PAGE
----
Wednesday, July 30, 2014         

 Print   Email   Comment | View 8 Comments   Most Popular   Save   Post   Retweet

FAA to study use of electronics on planes

By Joshua Freed

AP Airlines Writer


It's going to be a while before airline passengers can use iPads and other electronic devices during the whole flight.

The Federal Aviation Administration says it's forming a committee to study the issue. But its plan suggests the committee's work won't be done until March at the earliest.

The committee will give a recommendation to the FAA, which will make the final decision about any changes. The FAA says allowing cell phone use during flights isn't under consideration.

Airlines currently ban electronic devices until the plane reaches 10,000 feet. They have to be put away before landing, too.

In March, the FAA raised hopes that it might loosen rules for electronic devices by saying it would study ways to test them.

 Print   Email   Comment | View 8 Comments   Most Popular   Save   Post   Retweet

You must be subscribed to participate in discussions
By participating in online discussions you acknowledge that you have agreed to the TERMS OF SERVICE. An insightful discussion of ideas and viewpoints is encouraged, but comments must be civil and in good taste, with no personal attacks. Because only subscribers are allowed to comment, we have your personal information and are able to contact you. If your comments are inappropriate, you may receive a warning, and if you persist with such comments you may be banned from posting. To report comments that you believe do not follow our guidelines, email commentfeedback@staradvertiser.com.
Leave a comment

Please login to leave a comment.
loquaciousone wrote:
The FAA is hiring volunteers to conduct these live test on airplanes. Anonymity is required so that the pilots don't know if their electronics are going to go koo koo and their planes are going to fall out of the sky.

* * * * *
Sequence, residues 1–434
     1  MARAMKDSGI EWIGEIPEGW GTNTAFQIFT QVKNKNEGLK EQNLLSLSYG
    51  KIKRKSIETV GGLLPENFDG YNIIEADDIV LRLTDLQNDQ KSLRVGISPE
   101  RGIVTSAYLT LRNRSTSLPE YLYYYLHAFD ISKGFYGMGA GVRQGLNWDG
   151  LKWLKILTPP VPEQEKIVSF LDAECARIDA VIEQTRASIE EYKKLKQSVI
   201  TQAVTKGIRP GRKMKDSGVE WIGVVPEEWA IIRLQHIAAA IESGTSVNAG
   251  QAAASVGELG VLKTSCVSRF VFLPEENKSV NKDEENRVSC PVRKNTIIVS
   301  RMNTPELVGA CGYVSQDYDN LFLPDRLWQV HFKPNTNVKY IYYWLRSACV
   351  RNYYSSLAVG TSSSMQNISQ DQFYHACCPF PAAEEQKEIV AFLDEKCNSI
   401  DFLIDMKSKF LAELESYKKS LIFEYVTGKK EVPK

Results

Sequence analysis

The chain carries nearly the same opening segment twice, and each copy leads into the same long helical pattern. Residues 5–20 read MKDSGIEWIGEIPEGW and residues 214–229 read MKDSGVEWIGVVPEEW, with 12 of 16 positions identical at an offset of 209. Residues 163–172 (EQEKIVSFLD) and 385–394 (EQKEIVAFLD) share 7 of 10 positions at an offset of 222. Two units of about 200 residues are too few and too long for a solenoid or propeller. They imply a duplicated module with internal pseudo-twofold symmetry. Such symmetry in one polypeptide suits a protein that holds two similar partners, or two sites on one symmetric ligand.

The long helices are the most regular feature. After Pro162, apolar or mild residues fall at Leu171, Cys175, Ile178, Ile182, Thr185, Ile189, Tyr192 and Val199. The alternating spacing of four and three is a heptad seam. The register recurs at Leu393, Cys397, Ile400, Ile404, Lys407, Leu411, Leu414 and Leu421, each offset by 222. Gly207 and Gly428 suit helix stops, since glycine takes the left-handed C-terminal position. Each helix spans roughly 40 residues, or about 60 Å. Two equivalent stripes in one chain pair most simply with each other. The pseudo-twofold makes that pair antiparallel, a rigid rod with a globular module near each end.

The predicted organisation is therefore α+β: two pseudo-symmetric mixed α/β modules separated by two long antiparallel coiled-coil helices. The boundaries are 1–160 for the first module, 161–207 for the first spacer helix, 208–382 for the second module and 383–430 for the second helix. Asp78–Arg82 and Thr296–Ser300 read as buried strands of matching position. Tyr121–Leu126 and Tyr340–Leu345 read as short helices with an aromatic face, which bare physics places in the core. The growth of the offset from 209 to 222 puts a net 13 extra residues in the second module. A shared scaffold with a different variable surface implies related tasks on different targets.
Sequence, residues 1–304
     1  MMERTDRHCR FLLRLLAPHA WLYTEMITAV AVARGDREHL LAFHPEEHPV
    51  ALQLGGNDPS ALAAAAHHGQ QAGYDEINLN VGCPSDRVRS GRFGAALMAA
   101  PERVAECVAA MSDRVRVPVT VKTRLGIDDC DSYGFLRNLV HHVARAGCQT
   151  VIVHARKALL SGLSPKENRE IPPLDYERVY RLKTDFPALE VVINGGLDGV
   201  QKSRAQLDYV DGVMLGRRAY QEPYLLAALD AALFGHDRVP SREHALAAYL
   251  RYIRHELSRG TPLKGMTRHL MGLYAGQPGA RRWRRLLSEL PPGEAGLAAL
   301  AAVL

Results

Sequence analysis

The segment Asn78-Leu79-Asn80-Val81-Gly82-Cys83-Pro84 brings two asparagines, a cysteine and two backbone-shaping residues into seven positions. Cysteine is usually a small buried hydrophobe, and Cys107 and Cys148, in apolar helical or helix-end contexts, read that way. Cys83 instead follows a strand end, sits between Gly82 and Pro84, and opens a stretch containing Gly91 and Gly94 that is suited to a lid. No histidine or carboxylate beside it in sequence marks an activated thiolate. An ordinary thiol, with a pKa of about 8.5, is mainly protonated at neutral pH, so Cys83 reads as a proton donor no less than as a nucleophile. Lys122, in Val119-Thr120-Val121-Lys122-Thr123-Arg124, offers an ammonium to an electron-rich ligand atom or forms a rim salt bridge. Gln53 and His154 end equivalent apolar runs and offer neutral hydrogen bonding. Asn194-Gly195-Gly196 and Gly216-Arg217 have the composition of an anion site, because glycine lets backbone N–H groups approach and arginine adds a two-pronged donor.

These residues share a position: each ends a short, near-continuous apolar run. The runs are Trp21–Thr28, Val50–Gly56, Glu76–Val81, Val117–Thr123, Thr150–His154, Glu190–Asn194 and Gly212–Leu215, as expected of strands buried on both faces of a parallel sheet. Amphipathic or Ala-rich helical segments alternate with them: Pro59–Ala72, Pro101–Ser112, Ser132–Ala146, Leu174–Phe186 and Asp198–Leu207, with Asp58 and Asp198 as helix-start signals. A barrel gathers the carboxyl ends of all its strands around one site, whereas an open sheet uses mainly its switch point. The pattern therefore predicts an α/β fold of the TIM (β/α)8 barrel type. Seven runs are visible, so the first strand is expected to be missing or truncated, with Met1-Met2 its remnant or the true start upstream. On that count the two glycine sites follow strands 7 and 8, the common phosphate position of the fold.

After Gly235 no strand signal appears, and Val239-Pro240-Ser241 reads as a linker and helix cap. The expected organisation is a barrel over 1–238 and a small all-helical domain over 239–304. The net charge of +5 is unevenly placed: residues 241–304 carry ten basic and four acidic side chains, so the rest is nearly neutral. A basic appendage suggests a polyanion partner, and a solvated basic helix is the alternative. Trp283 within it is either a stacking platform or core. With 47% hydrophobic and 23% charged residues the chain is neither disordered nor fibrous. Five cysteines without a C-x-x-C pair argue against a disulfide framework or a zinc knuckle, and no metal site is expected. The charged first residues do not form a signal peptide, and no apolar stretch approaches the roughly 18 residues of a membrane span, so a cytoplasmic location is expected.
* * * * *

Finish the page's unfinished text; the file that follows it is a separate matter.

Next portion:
on August 27,2012 | 10:10AM
SueH wrote:
As a pilot of 38 years, I can say with certainty the reason airlines ban the use of electronic devices during critical moments of flight (landing and takeoff, i.e., below 10,000 ft.) is because this is the flight regime where most accidents and emergencies occur, requiring quick crew action and the need for passengers to immediately follow instructions. Airlines don't want passengers pre-occupied with cell phone calls or electronic gaming devices when they need to be listenening and paying attention to crew emergency instructions. The electronic ban has nothing to do with interference of the planes electronic navigation and communtication devices, as the airlines and FAA would like the public to believe, but rather helps ensure passenger compliance.
on August 27,2012 | 10:13AM
loquaciousone wrote:
Now that you've let the cat out of the bag, what do you think is going to happen when the flight crew ask someone to put their phone away?
on August 27,2012 | 10:24AM
juscasting wrote:
They either put it away or the flight gets delayed because they will be escorted off the plane to awaiting Law Enforecement personnel at the gate!
on August 27,2012 | 11:22AM
Steve96785 wrote:
Pretty hard to do at 8000 feet whether right after take off or prior to landing. Way better than the Air Force which used to have us all assume crash positions [head tucked between our legs] on every landing. Great for saftey, but showed a lack of belief in the pilots' skill set.
on August 27,2012 | 11:43AM
loquaciousone wrote:
Well I remember doing the A bomb fetal position exercise under the desk at Elementary School. They never bothered to tell us that if the A bomb was dropped on the school there would be no school, no desk, and no you.
on August 27,2012 | 12:39PM
Steve96785 wrote:
Actually what they didn't tell you was that if the bomb was dropped anywhere in up to a twenty mile radius there would be no school and no you. Close only counts in horse shoes and nuclear warfare. My first real job in the Air Force was calculating the deviation of missiles given four different models of Earth's real size and shape to determine just how large a bomb needed to be targeted for hardened Soviet command centers. Now that we have GPS, accuracy is much higher, so smaller devices can do a more reliable job of eliminating everything that breathes air.
on August 27,2012 | 01:49PM
al_kiqaeda wrote:
I believe American Airlines did a test years ago with a very large number of cell phones with zero effect on nav and control of the aircraft.
on August 27,2012 | 04:24PM
Breaking News